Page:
1) Potential affects and dharmas of their entourage and their effects, together with accompanying dharmas can be ceased by the help of „true views.

2) Other dharmas with inflow of affects are ceased with meditations.

3) Dharmas without inflow of affects are not eliminated.

Both the contaminated and material dharmas cannot be eliminated with the „true views.

Acts of body and speech are considered „material. What has not been created by Mind but by 5 organs of senses cannot be ceased by „true views.

The purified Noble elements (anāsrava-dharma) is not possible to eliminate, but they also disappear in the moment of Nirvāṇa, because no new karma is created, no more elements of anxiety (dukkha) that were a cause of the world’s anxiety.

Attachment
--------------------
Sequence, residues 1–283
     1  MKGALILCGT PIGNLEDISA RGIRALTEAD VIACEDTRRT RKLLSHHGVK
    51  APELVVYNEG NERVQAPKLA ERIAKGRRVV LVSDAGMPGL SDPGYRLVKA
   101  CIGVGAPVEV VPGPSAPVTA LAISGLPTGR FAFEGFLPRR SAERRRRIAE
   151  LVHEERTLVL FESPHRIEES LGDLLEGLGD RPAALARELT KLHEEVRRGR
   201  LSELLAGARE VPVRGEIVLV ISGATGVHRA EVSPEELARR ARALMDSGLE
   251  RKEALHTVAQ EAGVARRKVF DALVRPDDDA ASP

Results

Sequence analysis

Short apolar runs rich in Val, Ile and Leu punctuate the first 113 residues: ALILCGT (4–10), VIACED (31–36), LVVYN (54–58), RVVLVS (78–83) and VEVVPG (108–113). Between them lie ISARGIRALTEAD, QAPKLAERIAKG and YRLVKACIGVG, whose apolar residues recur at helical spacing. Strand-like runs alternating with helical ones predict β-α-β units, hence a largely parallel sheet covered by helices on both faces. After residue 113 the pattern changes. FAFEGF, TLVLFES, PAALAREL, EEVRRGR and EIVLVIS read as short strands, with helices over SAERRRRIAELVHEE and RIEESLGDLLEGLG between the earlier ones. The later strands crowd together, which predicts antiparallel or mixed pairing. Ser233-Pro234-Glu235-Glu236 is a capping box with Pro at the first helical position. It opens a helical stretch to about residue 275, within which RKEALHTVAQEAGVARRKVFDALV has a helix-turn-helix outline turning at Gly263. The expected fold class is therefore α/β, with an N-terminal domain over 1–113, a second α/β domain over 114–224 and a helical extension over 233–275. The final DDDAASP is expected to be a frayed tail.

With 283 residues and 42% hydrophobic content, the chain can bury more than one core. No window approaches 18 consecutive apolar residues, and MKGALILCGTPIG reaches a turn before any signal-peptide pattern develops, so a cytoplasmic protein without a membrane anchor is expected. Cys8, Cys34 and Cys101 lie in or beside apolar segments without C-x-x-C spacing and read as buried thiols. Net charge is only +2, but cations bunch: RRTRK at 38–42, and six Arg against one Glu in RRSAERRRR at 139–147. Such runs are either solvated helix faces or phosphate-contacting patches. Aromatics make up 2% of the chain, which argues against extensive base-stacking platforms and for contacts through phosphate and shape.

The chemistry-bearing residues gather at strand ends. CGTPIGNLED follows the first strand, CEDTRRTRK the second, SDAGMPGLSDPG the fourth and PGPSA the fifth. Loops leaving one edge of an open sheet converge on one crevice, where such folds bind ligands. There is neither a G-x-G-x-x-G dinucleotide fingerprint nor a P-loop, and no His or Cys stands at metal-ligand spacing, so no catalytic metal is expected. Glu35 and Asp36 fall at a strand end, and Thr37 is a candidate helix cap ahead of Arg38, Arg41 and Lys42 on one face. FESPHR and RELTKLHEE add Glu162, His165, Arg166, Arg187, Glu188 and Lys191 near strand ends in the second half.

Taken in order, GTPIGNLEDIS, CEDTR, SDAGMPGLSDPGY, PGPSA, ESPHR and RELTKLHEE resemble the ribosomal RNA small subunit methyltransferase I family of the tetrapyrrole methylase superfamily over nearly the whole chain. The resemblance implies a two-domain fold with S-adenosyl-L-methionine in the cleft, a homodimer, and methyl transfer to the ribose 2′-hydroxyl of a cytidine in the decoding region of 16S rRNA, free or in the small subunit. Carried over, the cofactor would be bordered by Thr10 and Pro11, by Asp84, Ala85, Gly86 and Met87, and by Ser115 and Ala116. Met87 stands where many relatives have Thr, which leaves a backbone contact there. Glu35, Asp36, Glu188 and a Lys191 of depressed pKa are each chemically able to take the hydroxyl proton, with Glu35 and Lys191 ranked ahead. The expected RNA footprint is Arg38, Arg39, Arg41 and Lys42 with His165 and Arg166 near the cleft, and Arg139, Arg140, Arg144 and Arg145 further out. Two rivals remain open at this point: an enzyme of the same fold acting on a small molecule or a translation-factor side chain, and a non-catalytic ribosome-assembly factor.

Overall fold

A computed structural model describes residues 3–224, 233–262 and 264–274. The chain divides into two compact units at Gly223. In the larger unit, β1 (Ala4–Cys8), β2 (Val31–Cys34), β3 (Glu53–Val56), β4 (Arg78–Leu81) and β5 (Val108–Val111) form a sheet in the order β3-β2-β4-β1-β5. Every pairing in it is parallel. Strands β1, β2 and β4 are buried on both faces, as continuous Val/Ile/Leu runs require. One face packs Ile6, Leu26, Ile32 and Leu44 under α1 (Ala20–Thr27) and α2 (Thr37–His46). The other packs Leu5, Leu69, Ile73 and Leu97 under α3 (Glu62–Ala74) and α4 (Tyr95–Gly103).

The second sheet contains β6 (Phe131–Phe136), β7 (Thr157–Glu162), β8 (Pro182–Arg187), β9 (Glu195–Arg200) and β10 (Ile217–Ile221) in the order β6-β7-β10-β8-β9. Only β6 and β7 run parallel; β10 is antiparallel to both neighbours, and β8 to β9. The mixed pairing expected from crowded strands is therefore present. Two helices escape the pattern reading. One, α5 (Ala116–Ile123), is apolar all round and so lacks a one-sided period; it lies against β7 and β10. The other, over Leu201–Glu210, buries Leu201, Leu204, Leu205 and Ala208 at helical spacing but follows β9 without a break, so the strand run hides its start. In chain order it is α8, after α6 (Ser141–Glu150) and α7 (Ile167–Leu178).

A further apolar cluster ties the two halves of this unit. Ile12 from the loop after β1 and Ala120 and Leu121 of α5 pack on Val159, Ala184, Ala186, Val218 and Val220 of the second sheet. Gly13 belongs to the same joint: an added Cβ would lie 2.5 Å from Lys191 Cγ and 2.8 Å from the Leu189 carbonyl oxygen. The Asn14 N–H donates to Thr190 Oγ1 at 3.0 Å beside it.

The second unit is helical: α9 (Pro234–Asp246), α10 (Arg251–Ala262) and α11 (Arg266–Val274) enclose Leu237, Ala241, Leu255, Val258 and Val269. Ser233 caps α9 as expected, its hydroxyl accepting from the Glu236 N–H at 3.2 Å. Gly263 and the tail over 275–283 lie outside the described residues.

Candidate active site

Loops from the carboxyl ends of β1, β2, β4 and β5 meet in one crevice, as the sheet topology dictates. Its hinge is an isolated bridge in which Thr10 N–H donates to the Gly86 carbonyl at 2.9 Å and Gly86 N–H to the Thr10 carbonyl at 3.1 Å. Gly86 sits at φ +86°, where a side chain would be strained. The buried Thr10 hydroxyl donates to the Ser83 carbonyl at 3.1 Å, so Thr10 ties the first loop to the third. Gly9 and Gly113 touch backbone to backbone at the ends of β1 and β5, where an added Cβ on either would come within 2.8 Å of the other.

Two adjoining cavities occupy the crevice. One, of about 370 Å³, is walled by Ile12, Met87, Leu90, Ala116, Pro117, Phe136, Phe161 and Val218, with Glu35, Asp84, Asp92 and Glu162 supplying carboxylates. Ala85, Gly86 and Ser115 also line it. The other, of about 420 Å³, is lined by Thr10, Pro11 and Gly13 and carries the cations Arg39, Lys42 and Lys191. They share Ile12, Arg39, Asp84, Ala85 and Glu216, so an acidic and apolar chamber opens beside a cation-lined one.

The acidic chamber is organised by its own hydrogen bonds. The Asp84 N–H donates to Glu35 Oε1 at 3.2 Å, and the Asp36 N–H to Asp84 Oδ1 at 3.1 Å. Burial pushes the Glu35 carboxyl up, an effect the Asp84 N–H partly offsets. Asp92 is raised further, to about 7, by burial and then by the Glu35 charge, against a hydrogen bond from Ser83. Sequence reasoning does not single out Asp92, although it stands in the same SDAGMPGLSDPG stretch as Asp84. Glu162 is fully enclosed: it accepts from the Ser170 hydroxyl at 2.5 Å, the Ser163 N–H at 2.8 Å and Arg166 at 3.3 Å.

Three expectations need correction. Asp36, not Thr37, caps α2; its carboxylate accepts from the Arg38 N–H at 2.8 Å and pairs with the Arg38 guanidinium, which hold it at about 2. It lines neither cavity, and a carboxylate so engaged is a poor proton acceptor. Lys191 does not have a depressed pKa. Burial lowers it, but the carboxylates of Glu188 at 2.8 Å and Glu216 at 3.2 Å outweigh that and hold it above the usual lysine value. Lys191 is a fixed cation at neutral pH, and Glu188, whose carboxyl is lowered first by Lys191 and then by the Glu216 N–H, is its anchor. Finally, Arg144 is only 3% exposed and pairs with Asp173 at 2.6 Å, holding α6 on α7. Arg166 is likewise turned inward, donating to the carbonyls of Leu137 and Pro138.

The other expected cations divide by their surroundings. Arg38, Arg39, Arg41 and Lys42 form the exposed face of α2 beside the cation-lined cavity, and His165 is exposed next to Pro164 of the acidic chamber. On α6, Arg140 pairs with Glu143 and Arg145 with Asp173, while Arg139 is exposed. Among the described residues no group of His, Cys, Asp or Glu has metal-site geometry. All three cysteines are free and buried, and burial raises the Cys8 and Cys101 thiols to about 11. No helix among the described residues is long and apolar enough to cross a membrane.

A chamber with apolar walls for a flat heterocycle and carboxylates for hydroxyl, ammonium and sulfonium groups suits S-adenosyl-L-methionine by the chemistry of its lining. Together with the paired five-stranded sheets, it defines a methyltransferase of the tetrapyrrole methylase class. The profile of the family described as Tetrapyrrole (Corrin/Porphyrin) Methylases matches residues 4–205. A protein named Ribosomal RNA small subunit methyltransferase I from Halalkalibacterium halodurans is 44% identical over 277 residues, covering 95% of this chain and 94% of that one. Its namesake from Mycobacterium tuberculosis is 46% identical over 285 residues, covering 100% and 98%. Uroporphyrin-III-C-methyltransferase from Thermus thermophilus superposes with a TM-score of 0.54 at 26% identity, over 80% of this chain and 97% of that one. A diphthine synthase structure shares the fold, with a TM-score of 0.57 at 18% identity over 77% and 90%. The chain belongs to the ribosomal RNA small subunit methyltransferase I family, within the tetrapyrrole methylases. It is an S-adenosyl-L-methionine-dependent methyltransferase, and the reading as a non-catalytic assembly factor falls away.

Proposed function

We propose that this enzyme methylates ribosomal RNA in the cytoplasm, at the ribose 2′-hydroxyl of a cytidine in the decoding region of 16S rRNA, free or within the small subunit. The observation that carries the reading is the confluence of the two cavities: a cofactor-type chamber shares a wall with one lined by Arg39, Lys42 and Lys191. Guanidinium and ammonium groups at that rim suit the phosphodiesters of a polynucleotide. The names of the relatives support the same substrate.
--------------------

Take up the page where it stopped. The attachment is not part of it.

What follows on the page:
It is considered there are parallel worlds where are no matters of certain kinds and also no sensible perception abilities of corresponding kinds – those are worlds of weakened or purified matter (AK1; 30).

Abhidharmakośa assert exists a World of Forms, where are elements of 14 classes, but don’t have classes of consciousness of smell, taste and corresponding objects of smell and taste.

In the World of Forms there is no smell and taste, because they are related with the characteristics of the group of material food, for that reason in the material world is what doesn’t have craving for the smell and taste.

The World of Forms is the world of 1st degree of meditative concentration:

There are organs of smell and taste, but no smell or taste themselves, because the willing to act that is typical to the 6 organs of senses is created by subject himself not by objects of senses.